Pentagon admits war on Isis has killed more than 1,100 civilians in Syria and Iraq

US says it is doing all it can to reduce civilian casualties

Borzou Daragahi
Thursday 27 September 2018 21:40 BST
Air strikes have led to the deaths of many civilians
Air strikes have led to the deaths of many civilians

The US-led coalition fighting against Isis in Syria and Iraq admitted to killing at least 1,114 civilians in air and artillery strikes in the four-year span of the war.

Inherent Resolve, the codename for the US-dominated coalition combating the jihadi group, said it had launched a total of 30,008 strikes on suspected Isis targets between August 2014 and August 2018, and that each allegation of civilian casualties has been investigated.

It is a significant number but far less than the more than 6,000 people assessed to have been killed by independent monitors.

“We continue to employ thorough and deliberate targeting and strike processes to minimise the impact of our operations on civilian populations and infrastructure,” said a press release issued by the Pentagon. “This process includes thorough review and vetting of each target package prior to a strike, and another review after that strike.”

While contending that the number of civilian casualties is far higher, critics praised the US military for improving its measures of accountability. “While that number remains far below public estimates of harm we have seen significant improvements in how the coalition monitors battlefield casualties which we hope will be standard practice in future conflicts,” Chris Woods, director of the UK-based war monitoring organisation Airwars, said in a statement.

Airwars estimates at least 6,500 civilians killed.

Other critics say the US does far too little to assess the impact of its bombs, and continues to undercount unintentional deaths. “The first problem is that they do not do proper investigations,” Donatella Rovera, a senior researcher for Amnesty International, told The Independent. “They go to Iraq, Syria, Raqqa and go around to talk to their partners. They do not talk to survivors and witnesses.”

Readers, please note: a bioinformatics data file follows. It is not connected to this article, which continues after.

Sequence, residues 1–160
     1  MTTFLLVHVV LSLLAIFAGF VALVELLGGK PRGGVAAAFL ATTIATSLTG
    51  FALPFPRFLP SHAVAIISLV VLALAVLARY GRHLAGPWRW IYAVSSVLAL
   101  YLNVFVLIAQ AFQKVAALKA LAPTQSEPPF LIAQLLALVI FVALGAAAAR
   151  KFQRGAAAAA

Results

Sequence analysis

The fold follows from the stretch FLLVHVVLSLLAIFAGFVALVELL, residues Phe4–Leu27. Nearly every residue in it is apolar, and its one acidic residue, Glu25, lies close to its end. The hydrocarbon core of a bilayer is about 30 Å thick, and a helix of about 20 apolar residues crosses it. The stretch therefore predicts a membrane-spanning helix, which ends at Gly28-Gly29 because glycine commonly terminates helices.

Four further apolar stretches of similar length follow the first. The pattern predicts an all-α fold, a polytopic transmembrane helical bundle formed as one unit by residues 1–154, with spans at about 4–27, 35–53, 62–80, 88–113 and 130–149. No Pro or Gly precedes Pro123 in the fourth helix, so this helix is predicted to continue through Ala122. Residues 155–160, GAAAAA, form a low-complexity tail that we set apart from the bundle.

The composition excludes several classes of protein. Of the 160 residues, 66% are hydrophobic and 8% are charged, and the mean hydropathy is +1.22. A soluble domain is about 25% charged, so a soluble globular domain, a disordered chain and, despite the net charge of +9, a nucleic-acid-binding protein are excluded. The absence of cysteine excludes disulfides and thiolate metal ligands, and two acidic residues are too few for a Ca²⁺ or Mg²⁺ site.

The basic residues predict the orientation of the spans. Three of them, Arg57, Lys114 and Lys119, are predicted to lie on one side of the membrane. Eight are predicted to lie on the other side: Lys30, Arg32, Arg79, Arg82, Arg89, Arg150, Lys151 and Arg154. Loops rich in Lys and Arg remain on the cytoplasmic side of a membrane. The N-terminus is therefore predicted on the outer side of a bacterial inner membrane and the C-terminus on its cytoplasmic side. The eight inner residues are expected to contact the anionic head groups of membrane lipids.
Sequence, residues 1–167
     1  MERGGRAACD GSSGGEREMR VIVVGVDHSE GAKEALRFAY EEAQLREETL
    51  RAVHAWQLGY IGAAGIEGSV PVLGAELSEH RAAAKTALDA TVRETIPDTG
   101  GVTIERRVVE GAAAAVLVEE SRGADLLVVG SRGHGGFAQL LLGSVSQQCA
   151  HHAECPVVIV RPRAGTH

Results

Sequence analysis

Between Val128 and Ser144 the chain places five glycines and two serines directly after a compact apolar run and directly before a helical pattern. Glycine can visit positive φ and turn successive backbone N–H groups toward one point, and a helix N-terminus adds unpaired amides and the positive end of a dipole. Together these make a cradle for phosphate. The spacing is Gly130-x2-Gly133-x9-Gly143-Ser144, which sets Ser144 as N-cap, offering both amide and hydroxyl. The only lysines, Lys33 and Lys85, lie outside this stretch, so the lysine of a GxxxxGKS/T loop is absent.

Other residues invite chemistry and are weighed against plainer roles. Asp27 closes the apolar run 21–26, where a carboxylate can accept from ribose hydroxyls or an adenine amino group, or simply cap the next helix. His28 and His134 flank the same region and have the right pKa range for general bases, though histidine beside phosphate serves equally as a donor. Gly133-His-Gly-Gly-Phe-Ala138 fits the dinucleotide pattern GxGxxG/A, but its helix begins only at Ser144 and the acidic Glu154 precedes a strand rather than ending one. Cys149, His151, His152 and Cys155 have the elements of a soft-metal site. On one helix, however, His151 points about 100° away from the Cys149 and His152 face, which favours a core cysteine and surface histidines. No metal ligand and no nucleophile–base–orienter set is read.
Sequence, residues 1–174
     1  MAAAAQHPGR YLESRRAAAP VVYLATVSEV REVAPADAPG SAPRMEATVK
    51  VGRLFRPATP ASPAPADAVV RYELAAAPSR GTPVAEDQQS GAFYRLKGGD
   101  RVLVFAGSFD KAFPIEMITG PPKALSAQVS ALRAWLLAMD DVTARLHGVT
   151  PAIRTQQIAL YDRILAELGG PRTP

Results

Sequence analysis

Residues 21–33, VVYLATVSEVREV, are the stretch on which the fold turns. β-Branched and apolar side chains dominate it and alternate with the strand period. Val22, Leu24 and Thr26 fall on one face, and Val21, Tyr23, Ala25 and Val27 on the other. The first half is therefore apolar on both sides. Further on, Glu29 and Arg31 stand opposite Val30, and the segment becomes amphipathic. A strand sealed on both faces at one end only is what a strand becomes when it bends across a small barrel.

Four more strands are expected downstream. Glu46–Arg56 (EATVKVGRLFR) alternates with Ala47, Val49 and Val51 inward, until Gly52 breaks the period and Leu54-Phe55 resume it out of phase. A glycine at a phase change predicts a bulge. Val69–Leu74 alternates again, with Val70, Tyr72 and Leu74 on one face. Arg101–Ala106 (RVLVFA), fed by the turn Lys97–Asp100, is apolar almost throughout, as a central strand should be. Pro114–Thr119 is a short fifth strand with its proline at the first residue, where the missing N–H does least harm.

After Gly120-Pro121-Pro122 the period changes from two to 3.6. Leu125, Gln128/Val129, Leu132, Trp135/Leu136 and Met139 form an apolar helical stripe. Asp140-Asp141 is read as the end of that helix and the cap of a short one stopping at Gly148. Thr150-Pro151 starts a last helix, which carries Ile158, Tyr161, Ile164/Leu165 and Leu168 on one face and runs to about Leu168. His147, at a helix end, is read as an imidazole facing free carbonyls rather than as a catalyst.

Ms Rovera also said the US military has also repeatedly and loudly dismissed the findings of independent groups such as Amnesty or Human Rights Watch, or media outlets, only to quietly admit mistakes months later.

“No organisation will ever have the resources to investigate every case where the coalition bombed a building in Syria or Iraq,” she said. “They should be doing that. The problem is that they are not doing that.”

Even as the US has gotten better about admitting civilian casualties, other countries bombing Syria or Iraq continue to ignore the impact of their warfare on noncombatants or deny any problems. Russia, which claims it is fighting extremists on behalf of Syrian government, has inflicted well-documented carnage on civilians, including rescue workers and medical personnel, as documented repeatedly by the United Nations, but has never admitted any to civilian casualties.

Mr Woods also said the UK and France “continue to claim low or no casualties from their own actions, an absurdity given the lethal nature of modern urban warfare”.

Refusing to admit civilian casualties prevents governments from assessing their methods, and identifying flaws in their collection of intelligence and designating of targets, said Ms Rovera.

“There is a major issue with some of the tactics employed,” she said. “They never assess what went wrong. Was it negligence, human error, bad intelligence? Unless they come clean, lessons will not be learned.”

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